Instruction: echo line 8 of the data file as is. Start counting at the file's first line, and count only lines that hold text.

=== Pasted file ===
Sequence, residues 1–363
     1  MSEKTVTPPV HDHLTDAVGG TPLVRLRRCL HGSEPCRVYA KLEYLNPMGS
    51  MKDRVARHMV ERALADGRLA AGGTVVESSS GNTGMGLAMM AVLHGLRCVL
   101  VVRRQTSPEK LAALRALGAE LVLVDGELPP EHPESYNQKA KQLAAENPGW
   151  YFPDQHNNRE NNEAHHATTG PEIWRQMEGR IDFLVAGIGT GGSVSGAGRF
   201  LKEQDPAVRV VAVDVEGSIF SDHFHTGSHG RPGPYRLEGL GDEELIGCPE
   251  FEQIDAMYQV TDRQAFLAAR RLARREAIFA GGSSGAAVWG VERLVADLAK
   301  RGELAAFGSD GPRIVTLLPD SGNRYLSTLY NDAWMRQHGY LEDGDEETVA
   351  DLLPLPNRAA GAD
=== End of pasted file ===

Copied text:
   301  RGELAAFGSD GPRIVTLLPD SGNRYLSTLY NDAWMRQHGY LEDGDEETVA